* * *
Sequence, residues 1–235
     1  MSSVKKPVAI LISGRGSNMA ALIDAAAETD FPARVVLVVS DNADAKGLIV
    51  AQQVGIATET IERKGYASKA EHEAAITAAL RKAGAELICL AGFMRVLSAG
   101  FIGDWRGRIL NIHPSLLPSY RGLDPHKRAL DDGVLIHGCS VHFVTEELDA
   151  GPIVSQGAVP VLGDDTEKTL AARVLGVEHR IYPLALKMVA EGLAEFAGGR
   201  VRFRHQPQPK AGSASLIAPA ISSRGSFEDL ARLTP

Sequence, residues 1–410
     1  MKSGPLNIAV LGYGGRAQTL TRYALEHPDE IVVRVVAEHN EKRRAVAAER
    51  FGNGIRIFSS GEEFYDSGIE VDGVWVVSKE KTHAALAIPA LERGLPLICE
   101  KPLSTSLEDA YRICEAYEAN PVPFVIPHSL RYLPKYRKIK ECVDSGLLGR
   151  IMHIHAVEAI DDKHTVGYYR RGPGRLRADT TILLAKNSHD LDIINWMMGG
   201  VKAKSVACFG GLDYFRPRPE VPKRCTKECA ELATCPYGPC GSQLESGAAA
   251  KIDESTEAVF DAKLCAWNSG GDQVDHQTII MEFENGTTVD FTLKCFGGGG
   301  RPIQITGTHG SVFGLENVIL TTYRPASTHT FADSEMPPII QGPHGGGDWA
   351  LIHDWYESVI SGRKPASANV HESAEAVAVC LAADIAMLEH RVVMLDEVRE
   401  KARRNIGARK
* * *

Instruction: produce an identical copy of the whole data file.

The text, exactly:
Sequence, residues 1–235
     1  MSSVKKPVAI LISGRGSNMA ALIDAAAETD FPARVVLVVS DNADAKGLIV
    51  AQQVGIATET IERKGYASKA EHEAAITAAL RKAGAELICL AGFMRVLSAG
   101  FIGDWRGRIL NIHPSLLPSY RGLDPHKRAL DDGVLIHGCS VHFVTEELDA
   151  GPIVSQGAVP VLGDDTEKTL AARVLGVEHR IYPLALKMVA EGLAEFAGGR
   201  VRFRHQPQPK AGSASLIAPA ISSRGSFEDL ARLTP

Sequence, residues 1–410
     1  MKSGPLNIAV LGYGGRAQTL TRYALEHPDE IVVRVVAEHN EKRRAVAAER
    51  FGNGIRIFSS GEEFYDSGIE VDGVWVVSKE KTHAALAIPA LERGLPLICE
   101  KPLSTSLEDA YRICEAYEAN PVPFVIPHSL RYLPKYRKIK ECVDSGLLGR
   151  IMHIHAVEAI DDKHTVGYYR RGPGRLRADT TILLAKNSHD LDIINWMMGG
   201  VKAKSVACFG GLDYFRPRPE VPKRCTKECA ELATCPYGPC GSQLESGAAA
   251  KIDESTEAVF DAKLCAWNSG GDQVDHQTII MEFENGTTVD FTLKCFGGGG
   301  RPIQITGTHG SVFGLENVIL TTYRPASTHT FADSEMPPII QGPHGGGDWA
   351  LIHDWYESVI SGRKPASANV HESAEAVAVC LAADIAMLEH RVVMLDEVRE
   401  KARRNIGARK